Read Grave Surprise Online

Authors: Charlaine Harris

Grave Surprise (3 page)

Detective Lacey looked puzzled.

“The Morgensterns. How long a drive is it, Nashville to Memphis?” I said.

He gave us an unreadable look. “Like you didn't know.”

Okay, I wasn't getting this at all. “Know…?” I looked at Tolliver. He shrugged, as bewildered as I was. A possibility occurred to me. “Tell me they're not dead!” I said. I'd liked them, and I didn't often have feelings for clients.

It was Lacey's turn to look uncertain. “You really don't know?”

“We don't understand what you're talking about,” Tolliver said. “Just tell us.”

“The Morgensterns left Nashville about a year after the little girl was abducted,” Lacey said. He ran a hand over his thinning blond hair. “They live here in Memphis now. He manages the Memphis branch of the same accounting firm, and his wife's pregnant again. Maybe you didn't know that he and his first wife were both from Memphis, and since Diane Morgenstern's family lives overseas, back here was where they needed to be if they wanted the support of family during the pregnancy and birth.”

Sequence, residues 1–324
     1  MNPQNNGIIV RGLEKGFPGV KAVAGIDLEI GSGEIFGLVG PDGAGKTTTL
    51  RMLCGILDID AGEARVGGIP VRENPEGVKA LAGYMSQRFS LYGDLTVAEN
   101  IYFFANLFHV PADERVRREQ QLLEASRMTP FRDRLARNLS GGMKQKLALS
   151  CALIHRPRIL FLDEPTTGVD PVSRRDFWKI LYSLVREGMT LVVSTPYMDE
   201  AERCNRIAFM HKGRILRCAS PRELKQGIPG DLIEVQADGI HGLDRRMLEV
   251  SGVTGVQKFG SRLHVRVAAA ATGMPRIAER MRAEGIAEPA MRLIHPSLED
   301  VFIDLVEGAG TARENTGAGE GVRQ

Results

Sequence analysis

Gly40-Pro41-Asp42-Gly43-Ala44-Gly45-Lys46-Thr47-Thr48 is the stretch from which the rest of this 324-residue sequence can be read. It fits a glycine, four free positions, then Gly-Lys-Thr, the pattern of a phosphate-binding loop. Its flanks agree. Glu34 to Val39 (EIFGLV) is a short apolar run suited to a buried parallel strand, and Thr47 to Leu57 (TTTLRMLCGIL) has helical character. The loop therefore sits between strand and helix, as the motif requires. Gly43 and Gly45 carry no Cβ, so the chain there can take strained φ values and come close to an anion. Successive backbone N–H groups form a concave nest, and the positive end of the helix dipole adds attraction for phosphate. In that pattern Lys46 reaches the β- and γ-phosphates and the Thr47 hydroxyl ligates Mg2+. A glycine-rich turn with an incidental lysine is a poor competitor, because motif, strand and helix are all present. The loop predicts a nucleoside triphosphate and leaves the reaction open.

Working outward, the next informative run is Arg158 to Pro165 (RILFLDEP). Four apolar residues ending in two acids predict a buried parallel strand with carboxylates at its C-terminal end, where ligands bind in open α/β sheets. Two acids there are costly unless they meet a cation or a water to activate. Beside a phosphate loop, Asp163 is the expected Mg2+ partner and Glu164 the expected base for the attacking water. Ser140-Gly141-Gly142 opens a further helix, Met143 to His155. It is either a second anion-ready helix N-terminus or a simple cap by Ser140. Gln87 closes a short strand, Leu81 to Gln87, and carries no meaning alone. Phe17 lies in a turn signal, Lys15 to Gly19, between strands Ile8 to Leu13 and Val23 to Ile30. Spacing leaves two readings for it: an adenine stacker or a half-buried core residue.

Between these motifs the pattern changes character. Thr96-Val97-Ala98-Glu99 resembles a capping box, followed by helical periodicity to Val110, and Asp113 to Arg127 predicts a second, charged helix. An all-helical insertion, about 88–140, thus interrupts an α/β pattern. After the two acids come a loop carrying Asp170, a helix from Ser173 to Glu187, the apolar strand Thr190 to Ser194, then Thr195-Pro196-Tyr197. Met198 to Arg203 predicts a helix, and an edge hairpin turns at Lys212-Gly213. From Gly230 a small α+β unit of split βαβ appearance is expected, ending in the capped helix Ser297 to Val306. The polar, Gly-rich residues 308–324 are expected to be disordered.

I suspected my mouth was hanging open, but for the moment I didn't care. I had so many thoughts I couldn't
process them all at once. The Morgensterns being here turned everything upside down. If I'd thought we were placed in a bad situation, ours was nothing compared to theirs. It looked so bad for them, Tabitha's body being found here. And their presence here in Memphis made the fact that I'd been the one to finally find her even fishier, since they'd employed me before.

I simply couldn't think of any explanation that cleared the couple of some involvement in their daughter's death.

My stunned reaction struck true to the detective, and Tolliver's was even more obvious. Lacey nodded sharply, as if he were reluctantly convinced of something.

After that, there weren't any more questions. We were released to go back to our motel, an absolutely typical airport motel in a medium-range chain that we'd picked because it was right off the interstate and not too far from the college. On our way back, we'd gone through a Wendy's drive-through to pick up sandwiches, and before we went up to our room we each pulled a soft drink from the ice chest in the back seat. Our room was wonderfully quiet and warm. I gulped my soda down right away, because I needed the sugar after our experience in the cemetery. (We've found, by trial and error, that sugar really helps get me up and running after a job.) Sure enough, after the sugar hit me, I was able to eat my sandwich at a calm pace. I felt much better. After we'd cleared away the debris, Tolliver stood and looked down from our second-story window.